Project description:An osteoblast-like human osteosarcoma cell line (U2-OS) has been shown to possess a vitamin K-dependent carboxylation system which is similar to the system in human HepG2 cells and in liver and lung from the rat. In an 'in vitro' system prepared from these cells, vitamin K1 was shown to overcome warfarin inhibition of gamma-carboxylation carried out by the vitamin K-dependent carboxylase. The data suggest that osteoblasts, the cells involved in synthesis of vitamin K-dependent proteins in bone, can use vitamin K1 as an antidote to warfarin poisoning if enough vitamin K1 can accumulate in the tissue. Five precursors of vitamin K-dependent proteins were identified in osteosarcoma and HepG2 cells respectively. In microsomes (microsomal fractions) from the osteosarcoma cells these precursors revealed apparent molecular masses of 85, 78, 56, 35 and 31 kDa. When osteosarcoma cells were cultured in the presence of warfarin, vitamin K-dependent 14C-labelling of the 78 kDa precursor was enhanced. Selective 14C-labelling of one precursor was also demonstrated in microsomes from HepG2 cells and from rat lung after warfarin treatment. In HepG2 cells this precursor was identified as the precursor of (clotting) Factor X. This unique 14C-labelling pattern of precursors of vitamin K-dependent proteins in microsomes from different cells and tissues reflects a new mechanism underlying the action of warfarin.
Project description:Vitamin K serves as an essential co-factor in the ?-carboxylation of glutamate to ?-carboxyglutamate (GLA), a post-translational modification mediated by gamma-glutamyl carboxylase (GGCX) and vitamin K oxidoreductases (VKORC1 or VKORC1L1). While both phylloquinone (K1) and menaquinone (K2) support the synthesis of GLA-modified proteins, studies assessing K1 and/or K2 effects in cancer cells have reported minimal effects of K1 and anti-proliferative or pro-apoptotic effects of K2. qPCR results indicated highest expression of GGCX, VKORC1, and VKORC1L1 in triple negative breast cancer (TNBC) cell lines, Hs578T, MDA-MB-231 and SUM159PT, and in advanced stage disease. To assess differential effects of vitamin K, TNBC cells were cultured in media supplemented with K1 or K2. K1 treatment increased cell growth, and enhanced stemness and GLA-modified protein expression in TNBC lysates. Alternatively, lysates from cells exposed to vehicle, K2, or the VKOR antagonist, warfarin, did not express GLA-modified proteins. Further, K2 exposure reduced stemness and elicited anti-proliferative effects. These studies show that TNBC cells express a functional vitamin K pathway and that K1 and K2 exert distinct phenotypic effects. Clarification of the mechanisms by which K1 and K2 induce these effects may lead to relevant therapeutic strategies for manipulating this pathway in TNBC patients.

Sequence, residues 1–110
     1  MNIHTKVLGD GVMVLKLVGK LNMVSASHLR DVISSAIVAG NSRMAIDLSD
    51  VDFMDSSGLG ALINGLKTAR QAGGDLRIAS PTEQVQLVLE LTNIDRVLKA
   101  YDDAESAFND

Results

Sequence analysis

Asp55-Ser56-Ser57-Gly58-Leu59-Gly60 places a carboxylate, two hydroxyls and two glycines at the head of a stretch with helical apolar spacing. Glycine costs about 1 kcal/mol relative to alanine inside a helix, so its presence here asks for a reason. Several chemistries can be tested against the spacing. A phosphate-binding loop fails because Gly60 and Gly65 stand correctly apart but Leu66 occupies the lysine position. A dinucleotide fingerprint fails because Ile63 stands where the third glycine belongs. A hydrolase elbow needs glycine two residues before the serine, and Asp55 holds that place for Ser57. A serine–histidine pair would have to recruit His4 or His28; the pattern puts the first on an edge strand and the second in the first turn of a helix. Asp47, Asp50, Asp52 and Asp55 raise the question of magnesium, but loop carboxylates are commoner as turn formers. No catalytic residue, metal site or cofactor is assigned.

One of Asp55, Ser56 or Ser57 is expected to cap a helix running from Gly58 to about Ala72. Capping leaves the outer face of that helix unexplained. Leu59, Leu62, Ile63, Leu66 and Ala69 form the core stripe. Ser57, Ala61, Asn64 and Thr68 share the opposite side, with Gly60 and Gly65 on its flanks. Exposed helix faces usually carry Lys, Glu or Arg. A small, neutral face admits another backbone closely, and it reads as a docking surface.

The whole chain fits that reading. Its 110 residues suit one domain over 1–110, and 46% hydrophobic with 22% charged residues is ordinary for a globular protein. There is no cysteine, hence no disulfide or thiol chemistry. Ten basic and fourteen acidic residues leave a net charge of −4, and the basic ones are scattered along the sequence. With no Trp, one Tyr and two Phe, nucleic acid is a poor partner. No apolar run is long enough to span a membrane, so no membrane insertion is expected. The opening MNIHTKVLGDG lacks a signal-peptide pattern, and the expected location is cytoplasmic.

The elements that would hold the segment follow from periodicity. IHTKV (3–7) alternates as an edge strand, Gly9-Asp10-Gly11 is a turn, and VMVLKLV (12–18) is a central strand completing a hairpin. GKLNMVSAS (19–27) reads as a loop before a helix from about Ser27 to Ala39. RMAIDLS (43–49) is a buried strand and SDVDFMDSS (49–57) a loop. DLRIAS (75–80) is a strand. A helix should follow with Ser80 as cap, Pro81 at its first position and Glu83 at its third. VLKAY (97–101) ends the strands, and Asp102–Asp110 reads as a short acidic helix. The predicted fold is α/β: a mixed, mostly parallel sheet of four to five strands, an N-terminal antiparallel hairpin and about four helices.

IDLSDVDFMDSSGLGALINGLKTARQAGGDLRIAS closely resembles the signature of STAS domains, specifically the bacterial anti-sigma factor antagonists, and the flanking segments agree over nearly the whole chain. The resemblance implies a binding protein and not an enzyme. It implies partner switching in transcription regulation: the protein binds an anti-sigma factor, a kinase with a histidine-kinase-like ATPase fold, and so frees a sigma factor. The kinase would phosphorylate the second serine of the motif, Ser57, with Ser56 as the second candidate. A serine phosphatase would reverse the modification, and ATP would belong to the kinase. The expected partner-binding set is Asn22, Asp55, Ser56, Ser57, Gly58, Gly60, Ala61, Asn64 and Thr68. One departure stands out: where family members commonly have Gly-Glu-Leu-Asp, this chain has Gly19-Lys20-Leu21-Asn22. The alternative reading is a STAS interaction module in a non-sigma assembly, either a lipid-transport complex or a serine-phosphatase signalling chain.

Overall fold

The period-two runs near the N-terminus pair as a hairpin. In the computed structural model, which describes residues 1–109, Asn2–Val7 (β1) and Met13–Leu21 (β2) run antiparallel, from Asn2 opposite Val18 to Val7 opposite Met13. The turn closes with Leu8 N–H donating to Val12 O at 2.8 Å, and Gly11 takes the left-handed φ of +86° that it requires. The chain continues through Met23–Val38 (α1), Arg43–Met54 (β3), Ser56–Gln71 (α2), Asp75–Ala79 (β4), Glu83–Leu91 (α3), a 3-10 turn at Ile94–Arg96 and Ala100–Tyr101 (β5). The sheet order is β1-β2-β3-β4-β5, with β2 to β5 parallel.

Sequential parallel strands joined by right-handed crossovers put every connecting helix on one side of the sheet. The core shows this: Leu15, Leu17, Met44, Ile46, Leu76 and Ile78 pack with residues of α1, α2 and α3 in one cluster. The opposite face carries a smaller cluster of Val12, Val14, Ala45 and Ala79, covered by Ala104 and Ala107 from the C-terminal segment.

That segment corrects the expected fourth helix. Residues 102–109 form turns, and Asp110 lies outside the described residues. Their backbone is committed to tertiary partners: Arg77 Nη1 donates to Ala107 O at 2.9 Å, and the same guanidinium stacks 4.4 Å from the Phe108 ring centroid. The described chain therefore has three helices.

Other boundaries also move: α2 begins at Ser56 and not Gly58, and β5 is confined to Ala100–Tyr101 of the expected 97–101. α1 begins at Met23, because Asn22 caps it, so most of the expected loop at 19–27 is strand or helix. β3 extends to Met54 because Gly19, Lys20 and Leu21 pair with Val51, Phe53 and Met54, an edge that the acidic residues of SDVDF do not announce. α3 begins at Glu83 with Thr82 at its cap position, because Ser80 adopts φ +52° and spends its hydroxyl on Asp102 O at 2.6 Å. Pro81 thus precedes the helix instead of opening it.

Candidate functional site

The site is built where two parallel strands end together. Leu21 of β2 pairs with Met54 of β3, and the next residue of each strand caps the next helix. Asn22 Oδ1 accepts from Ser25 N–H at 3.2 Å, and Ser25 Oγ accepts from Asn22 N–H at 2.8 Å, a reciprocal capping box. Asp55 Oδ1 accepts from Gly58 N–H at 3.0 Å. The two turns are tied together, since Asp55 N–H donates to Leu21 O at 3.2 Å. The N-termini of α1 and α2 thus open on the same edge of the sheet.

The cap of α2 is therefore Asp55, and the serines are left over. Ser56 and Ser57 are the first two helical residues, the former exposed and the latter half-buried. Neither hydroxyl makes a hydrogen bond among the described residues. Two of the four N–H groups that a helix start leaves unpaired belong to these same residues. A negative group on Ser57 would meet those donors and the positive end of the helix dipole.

Project description:The oxidation of phylloquinone to the 2,3-epoxide (by phylloquinone epoxidase) was studied in liver from control and warfarin-resistant rats. The reaction requires microsomal fraction, soluble protein, a heat-stable soluble factor and O(2). It is not inhibited by CO or CN(-). Epoxidase activity was stimulated if plasma prothrombin was lowered either by anticoagulants or the absence of vitamin K. The activity of the enzyme rapidly returned to normal values after the administration of vitamin K to hypoprothrombinaemic rats. These differences in the activity of the enzyme occur in the microsomal fraction and not the cytosol. A thrombin-generating polypeptide that accumulates in microsomal fraction of hypothrombinaemic rats correlated directly with epoxidase activity. These data support the view that enzymic interconversion of phylloquinone and its 2,3-epoxide participates in the biological activity of vitamin K.
Project description:Vitamin K acts as a cofactor and is required for post-translational ?-carboxylation of vitamin K-dependent proteins (VKDP). The current recommended daily intake (RDI) of vitamin K in most countries has been established based on normal coagulation requirements. Vitamin K1 and menaquinone (MK)-4 has been shown to decrease osteocalcin (OC) ?-carboxylation at RDI levels. Among the several vitamin K homologs, only MK-7 (vitamin K2) can promote ?-carboxylation of extrahepatic VKDPs, OC, and the matrix Gla protein at a nutritional dose around RDI. MK-7 has higher efficacy due to its higher bioavailability and longer half-life than other vitamin K homologs. As vitamin K1, MK-4, and MK-7 have distinct bioactivities, their RDIs should be established based on their relative activities. MK-7 increases bone mineral density and promotes bone quality and strength. Collagen production, and thus, bone quality may be affected by MK-7 or MK-4 converted from MK-7. In this review, we comprehensively discuss the various properties of MK-7.